0.2 0.3% 99.4% 0.2 0.3% addmove
    0.2 0.2% 99.6% 0.2 0.2% rega
    0.1 0.1% 99.7% 0.1 0.1% typecheckdef

    Can anyone with more perftools fu recommend some way of getting the
    caller's of nod/typ/prog ?

    CL for the above, https://codereview.appspot.com/6900053

    Cheers

    Dave
    On Sat, Dec 8, 2012 at 4:35 AM, Russ Cox wrote:
    This wont give good results since the Node structures are allocated
    from a pool via the mal() function.
    Ah yes. To do this test you'd have to make mal call malloc for each allocation.
    Every C standard library is probably going to have a pretty well
    optimized malloc implementation, so I don't know if there are any
    advantages to keeping mal() around.
    Try it and see. I'm not as optimistic as you are. Measure both total
    process memory usage and run time.

    Russ
  • Dave Cheney at Dec 8, 2012 at 1:44 am
    After a bit of fiddling (-O0 is required to get a full stack trace), PTAL


    On Sat, Dec 8, 2012 at 11:12 AM, Dave Cheney wrote:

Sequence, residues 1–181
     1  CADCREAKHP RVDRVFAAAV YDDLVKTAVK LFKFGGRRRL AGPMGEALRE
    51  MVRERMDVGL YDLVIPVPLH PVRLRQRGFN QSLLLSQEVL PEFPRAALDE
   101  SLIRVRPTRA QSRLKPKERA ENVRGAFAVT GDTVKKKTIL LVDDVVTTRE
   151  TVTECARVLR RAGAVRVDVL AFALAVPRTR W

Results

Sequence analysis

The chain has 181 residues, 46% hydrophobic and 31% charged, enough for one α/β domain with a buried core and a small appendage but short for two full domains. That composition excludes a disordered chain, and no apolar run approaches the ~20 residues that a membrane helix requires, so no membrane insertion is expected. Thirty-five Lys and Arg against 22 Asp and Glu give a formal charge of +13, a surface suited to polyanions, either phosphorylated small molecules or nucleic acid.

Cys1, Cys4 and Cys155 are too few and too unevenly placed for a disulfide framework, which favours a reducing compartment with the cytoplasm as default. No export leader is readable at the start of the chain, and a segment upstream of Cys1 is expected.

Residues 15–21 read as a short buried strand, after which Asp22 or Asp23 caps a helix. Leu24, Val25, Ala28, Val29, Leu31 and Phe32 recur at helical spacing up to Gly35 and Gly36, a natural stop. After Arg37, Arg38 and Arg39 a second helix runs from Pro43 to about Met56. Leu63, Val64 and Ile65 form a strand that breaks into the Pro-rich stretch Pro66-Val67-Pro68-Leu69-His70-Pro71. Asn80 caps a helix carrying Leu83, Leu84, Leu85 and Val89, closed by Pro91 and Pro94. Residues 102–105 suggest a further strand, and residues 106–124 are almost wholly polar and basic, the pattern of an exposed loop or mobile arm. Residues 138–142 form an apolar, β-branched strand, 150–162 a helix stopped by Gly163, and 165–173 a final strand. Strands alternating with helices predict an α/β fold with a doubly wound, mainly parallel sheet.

I've hacked cmd/gc to use calloc instead of mal and am getting some
    results (under 8g)
    Total: 74.3 MB
    37.7 50.7% 50.7% 37.7 50.7% nod
    16.7 22.5% 73.2% 16.7 22.5% typ
    7.4 9.9% 83.1% 7.4 9.9% clearp (inline)
    5.4 7.3% 90.4% 12.7 17.1% prog
    3.3 4.5% 94.9% 3.3 4.5% _yylex (inline)
    1.1 1.5% 96.4% 1.1 1.5% pkglookup
    0.7 1.0% 97.3% 0.7 1.0% list1
    0.5 0.6% 98.0% 0.5 0.6% nodconst
    0.4 0.6% 98.6% 0.4 0.6% push
    0.2 0.3% 98.9% 0.2 0.3% convconst
    0.2 0.3% 99.1% 0.2 0.3% remal
    0.2 0.3% 99.4% 0.2 0.3% addmove
    0.2 0.2% 99.6% 0.2 0.2% rega
    0.1 0.1% 99.7% 0.1 0.1% typecheckdef

    Can anyone with more perftools fu recommend some way of getting the
    caller's of nod/typ/prog ?

    CL for the above, https://codereview.appspot.com/6900053

    Cheers

    Dave
    On Sat, Dec 8, 2012 at 4:35 AM, Russ Cox wrote:
    This wont give good results since the Node structures are allocated
    from a pool via the mal() function.
    Ah yes. To do this test you'd have to make mal call malloc for each allocation.
    Every C standard library is probably going to have a pretty well
    optimized malloc implementation, so I don't know if there are any
    advantages to keeping mal() around.
    Try it and see. I'm not as optimistic as you are. Measure both total
    process memory usage and run time.